When questioned about the "Western idea" that competition "helps to breed the best", Mr Heng said Singapore has "free and fair elections".
"In the last election, there were so many parties that contested and as I mentioned at the forum earlier on, in 2011, we lost six seats. We lost a number of key ministers," said Mr Heng.
"The minister was formerly a Minister for Trade and Industry and was our Foreign Minister. Well-respected around the world, but lost the election.
"The Second Minister for Finance lost the election. A very prominent Member of Parliament who had been in politics for many years, who was slated to be the Speaker of Parliament, lost the election because the whole team lost. Five of them in a group constituency.
"Is it a democracy? It is to me. Did we respect that? Yes, we do."
Added Mr Heng: "The fact that the ruling party has been able to win elections is not because we have been suppressing. The fact is that we have, as I said in my speech earlier on, we have delivered on what we promised, and that we have won the trust and confidence of Singaporeans."
GOVERNMENT'S ROLE IN BUILDING CAPITAL
The Deputy Prime Minister said most Southeast Asian countries came through the global financial crisis better than most people expected because they learnt the lessons of the 1997 to 1998 crisis.
Speaking about the free market approach, Mr Heng said the "market-based approach of allocating capital to its most productive uses remains the best mechanism".
"But the focus just on the return to capital will not suffice. This is particularly so at a time when technologies are transforming rapidly," said Mr Heng.
"In that regard, what is important is that even as businesses reinvent themselves and transform, both businesses and governments will have to do more to help our workers to be better prepared for the future."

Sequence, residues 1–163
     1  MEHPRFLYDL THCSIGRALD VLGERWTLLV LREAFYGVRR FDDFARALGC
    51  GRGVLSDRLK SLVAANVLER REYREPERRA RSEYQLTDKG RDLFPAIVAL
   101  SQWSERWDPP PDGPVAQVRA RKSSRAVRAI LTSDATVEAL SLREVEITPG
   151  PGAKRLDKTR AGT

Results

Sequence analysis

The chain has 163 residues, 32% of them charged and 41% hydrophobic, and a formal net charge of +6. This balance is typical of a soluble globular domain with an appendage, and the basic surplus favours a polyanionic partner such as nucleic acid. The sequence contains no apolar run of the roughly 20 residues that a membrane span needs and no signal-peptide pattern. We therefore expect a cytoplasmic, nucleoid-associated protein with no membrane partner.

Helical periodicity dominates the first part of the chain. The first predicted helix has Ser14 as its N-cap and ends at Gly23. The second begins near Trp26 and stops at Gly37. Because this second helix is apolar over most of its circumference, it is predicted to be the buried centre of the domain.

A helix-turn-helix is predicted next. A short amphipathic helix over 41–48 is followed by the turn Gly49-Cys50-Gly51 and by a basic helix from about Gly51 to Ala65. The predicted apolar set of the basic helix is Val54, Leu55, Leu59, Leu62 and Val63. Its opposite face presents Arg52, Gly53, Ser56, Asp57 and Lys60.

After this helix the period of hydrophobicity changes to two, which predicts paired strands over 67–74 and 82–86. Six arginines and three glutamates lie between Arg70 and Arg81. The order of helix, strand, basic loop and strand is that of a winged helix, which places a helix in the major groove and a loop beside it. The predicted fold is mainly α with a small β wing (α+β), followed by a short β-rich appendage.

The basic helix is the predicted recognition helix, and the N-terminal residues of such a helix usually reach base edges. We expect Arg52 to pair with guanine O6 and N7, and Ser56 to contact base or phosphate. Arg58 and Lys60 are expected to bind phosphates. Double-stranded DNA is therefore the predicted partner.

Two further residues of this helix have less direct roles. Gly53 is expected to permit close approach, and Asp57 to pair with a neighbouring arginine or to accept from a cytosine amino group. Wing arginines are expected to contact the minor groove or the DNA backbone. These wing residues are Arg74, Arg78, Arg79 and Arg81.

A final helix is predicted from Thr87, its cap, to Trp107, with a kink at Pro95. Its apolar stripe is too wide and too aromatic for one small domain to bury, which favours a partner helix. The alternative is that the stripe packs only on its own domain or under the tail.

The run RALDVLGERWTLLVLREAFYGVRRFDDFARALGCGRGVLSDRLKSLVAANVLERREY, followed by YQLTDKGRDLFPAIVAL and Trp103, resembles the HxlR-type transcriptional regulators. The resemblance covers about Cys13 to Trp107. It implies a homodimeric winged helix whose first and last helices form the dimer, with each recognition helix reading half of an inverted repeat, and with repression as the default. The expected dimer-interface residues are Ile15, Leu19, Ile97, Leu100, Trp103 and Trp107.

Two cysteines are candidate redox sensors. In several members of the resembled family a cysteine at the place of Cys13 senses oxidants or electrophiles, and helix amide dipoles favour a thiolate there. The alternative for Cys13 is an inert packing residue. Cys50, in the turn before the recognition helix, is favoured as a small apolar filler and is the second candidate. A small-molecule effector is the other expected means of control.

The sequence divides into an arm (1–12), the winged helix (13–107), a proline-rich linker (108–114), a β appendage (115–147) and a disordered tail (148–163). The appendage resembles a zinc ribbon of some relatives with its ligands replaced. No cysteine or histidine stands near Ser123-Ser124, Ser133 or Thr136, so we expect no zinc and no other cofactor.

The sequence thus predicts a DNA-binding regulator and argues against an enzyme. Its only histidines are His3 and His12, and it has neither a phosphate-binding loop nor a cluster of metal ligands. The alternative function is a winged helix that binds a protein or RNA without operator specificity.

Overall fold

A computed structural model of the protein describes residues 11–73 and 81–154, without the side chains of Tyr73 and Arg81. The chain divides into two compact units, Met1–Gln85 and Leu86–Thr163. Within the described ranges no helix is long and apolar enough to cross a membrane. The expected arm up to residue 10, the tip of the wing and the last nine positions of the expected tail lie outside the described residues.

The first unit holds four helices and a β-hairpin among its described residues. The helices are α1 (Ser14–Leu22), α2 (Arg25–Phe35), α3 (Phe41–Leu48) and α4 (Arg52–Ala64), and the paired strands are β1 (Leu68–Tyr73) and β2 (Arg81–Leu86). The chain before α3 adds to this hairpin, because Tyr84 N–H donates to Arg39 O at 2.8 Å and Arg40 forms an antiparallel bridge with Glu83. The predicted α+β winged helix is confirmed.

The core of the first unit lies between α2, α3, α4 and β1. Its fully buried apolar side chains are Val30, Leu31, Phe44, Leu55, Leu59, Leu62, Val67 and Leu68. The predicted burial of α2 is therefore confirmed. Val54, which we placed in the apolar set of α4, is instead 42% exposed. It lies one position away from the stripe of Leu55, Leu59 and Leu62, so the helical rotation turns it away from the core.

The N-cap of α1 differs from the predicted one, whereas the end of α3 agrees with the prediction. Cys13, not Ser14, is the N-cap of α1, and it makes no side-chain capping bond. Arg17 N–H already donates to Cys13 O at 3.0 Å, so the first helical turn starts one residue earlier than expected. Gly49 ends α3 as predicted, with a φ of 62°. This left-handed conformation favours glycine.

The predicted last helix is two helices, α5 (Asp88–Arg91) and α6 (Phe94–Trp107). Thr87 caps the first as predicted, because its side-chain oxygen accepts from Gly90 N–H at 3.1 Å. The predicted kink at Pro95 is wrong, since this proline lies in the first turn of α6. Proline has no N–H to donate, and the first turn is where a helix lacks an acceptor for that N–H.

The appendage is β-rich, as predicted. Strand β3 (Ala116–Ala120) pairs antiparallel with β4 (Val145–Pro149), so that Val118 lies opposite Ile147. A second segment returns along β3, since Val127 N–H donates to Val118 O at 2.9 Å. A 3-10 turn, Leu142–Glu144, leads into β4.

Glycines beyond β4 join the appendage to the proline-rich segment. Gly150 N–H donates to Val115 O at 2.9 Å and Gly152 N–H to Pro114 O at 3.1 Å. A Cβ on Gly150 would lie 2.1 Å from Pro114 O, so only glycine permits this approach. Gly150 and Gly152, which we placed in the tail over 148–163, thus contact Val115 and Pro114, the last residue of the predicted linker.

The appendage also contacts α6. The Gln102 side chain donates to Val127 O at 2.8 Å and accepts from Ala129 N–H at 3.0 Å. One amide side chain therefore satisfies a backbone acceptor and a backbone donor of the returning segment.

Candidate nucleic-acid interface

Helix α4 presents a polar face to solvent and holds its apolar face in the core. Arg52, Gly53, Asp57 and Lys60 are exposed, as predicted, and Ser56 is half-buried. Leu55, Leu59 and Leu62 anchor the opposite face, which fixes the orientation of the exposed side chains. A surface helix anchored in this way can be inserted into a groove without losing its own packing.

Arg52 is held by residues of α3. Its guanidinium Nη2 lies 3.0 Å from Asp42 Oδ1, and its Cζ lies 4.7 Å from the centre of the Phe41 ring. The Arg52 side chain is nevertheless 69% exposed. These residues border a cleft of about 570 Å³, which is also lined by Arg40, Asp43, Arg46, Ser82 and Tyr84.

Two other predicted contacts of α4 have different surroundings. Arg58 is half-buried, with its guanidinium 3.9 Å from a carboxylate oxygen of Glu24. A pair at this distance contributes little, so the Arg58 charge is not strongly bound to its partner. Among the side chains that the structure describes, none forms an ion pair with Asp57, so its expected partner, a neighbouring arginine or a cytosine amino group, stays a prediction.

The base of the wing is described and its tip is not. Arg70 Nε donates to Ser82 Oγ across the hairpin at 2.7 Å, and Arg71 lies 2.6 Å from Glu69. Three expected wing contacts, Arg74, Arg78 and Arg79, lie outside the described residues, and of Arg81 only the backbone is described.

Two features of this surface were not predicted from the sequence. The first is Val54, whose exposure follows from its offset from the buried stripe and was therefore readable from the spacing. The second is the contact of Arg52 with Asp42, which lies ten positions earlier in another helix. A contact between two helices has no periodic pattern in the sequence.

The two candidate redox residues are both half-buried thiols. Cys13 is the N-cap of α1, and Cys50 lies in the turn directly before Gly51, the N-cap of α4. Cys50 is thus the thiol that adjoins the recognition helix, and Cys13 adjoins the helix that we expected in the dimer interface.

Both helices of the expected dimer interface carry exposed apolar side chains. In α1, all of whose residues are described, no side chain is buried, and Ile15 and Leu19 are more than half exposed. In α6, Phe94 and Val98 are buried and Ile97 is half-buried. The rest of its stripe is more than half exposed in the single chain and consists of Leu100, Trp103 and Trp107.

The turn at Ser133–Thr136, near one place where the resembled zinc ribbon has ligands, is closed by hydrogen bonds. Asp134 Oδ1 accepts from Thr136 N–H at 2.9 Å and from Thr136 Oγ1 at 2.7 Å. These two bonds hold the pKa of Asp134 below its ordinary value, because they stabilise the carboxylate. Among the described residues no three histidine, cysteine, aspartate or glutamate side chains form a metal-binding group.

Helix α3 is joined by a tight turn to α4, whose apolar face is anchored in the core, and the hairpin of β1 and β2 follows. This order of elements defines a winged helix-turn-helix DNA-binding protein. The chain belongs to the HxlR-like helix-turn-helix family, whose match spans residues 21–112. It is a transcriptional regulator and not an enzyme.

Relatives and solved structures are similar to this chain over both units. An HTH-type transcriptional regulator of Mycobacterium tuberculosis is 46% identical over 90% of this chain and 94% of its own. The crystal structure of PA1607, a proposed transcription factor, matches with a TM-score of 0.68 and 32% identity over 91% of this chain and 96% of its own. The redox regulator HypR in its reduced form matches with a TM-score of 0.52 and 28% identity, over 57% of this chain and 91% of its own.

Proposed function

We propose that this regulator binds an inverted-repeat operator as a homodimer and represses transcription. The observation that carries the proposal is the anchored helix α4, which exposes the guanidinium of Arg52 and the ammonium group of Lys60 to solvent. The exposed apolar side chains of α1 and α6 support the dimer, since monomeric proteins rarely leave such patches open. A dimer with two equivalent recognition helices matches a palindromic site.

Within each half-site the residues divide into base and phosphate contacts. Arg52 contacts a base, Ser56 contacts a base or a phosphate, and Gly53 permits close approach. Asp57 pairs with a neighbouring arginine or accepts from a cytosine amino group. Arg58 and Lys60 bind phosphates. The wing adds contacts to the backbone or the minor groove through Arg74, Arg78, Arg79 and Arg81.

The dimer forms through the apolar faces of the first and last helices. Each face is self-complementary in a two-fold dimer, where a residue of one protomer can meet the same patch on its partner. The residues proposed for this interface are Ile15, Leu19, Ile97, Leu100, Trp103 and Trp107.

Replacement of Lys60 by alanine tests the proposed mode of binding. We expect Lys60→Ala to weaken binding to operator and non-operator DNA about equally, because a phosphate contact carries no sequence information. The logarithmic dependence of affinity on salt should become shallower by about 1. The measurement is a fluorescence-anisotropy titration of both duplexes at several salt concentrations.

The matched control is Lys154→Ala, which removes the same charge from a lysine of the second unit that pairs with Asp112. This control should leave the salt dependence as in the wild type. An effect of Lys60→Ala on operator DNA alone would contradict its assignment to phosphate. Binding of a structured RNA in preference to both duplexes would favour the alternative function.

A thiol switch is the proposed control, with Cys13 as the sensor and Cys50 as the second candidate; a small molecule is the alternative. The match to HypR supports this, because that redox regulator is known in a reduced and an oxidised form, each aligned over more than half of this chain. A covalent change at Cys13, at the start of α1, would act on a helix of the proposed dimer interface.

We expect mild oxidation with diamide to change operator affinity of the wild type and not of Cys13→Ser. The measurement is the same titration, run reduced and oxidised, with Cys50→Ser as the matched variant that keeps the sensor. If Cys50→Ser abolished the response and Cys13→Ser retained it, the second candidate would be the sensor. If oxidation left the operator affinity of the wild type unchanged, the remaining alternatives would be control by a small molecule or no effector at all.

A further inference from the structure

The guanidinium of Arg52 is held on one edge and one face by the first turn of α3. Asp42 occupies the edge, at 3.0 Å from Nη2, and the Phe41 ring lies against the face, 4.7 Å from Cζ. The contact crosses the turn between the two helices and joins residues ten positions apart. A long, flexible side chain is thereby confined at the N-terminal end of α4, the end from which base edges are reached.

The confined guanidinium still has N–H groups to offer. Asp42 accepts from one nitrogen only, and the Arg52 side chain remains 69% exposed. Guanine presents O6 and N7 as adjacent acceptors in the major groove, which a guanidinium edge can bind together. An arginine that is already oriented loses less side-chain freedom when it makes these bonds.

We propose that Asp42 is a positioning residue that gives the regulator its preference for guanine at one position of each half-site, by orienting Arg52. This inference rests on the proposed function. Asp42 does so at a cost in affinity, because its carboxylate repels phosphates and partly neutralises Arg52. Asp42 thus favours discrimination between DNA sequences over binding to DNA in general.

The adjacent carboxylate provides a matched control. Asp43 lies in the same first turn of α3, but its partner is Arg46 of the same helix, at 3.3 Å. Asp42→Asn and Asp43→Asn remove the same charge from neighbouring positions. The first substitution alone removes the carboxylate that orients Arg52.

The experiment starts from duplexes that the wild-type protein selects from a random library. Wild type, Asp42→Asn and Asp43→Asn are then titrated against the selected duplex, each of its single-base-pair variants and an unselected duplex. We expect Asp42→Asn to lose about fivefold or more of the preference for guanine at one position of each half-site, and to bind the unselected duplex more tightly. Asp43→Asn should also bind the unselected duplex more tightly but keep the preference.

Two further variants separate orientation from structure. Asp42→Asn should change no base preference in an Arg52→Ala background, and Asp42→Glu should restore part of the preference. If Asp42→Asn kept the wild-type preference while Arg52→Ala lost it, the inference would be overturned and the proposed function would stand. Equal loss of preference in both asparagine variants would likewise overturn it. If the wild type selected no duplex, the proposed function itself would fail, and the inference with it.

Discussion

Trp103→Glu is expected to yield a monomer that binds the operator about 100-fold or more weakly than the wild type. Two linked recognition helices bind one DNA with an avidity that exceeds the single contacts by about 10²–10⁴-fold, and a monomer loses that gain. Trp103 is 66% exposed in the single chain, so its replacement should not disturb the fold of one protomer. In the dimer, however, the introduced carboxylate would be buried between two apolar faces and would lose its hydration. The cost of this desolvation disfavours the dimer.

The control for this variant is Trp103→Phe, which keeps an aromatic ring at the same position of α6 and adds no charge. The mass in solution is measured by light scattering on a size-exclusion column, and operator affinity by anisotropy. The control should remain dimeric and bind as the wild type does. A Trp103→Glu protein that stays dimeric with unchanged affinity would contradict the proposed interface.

Trade unions, such as the National Trade Union Congress (NTUC), have evolved from a "confrontational approach" to a "more collaborative approach".
"We recognise that more skillful, more productive workers make the company more competitive, and the more competitive, more productive company is able to retain workers better, is able to pay workers better," said Mr Heng.
"That is a sustainable way of increasing welfare - both the welfare of the workers, as well as the welfare of the owners of capital."
When asked if the Singapore model of development is a capitalist model, the Deputy Prime Minister said it was "easy to create misunderstanding" by putting a label on models.
"The idea that the private market can do everything and therefore, create growth, and that free, open competition alone will be sufficient to assure a good outcome is not something I believe in," Mr Heng said.
"I don’t agree with that. I believe governments around the world do have important roles."
A government should set up rules to provide certainty for all investors, so as to ensure the "rules of the game" cannot be changed halfway.
He added that a government also has a very important role in providing critical infrastructures - such as roads, airports and seaports - and to invest in education and basic research.